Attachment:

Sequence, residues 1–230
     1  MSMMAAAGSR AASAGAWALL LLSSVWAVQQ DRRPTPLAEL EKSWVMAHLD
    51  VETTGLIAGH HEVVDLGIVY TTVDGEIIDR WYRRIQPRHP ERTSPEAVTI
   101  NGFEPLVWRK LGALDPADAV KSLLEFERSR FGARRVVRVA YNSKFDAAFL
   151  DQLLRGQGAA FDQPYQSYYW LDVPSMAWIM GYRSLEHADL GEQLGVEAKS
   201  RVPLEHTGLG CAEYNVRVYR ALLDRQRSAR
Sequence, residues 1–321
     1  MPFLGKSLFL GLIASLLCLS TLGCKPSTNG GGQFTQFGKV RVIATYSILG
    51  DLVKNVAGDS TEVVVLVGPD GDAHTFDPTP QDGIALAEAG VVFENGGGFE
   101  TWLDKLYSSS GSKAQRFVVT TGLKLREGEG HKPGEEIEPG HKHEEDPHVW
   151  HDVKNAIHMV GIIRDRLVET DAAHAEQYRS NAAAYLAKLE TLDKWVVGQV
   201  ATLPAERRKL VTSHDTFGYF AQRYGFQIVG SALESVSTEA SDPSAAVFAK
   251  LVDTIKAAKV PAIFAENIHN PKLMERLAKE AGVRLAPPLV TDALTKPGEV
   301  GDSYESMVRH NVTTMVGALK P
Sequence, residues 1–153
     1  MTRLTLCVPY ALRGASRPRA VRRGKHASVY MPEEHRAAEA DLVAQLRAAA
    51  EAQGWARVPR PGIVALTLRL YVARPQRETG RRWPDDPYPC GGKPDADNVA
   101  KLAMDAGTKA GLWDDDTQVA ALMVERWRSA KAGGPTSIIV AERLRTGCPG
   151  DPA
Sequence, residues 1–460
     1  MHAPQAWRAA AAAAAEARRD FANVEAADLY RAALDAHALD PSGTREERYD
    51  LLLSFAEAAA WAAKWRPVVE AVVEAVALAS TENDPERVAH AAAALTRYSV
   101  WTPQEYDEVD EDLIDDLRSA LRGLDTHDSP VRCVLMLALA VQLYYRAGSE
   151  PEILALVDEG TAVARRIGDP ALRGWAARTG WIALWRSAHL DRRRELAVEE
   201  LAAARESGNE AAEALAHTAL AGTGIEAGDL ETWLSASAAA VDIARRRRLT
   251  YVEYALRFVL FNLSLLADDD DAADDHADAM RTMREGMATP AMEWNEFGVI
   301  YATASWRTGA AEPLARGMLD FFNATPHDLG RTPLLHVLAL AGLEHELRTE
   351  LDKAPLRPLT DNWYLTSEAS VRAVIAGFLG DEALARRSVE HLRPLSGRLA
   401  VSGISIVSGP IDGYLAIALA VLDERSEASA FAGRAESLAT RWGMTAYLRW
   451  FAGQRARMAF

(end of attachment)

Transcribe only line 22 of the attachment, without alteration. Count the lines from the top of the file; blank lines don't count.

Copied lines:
    51  LLLSFAEAAA WAAKWRPVVE AVVEAVALAS TENDPERVAH AAAALTRYSV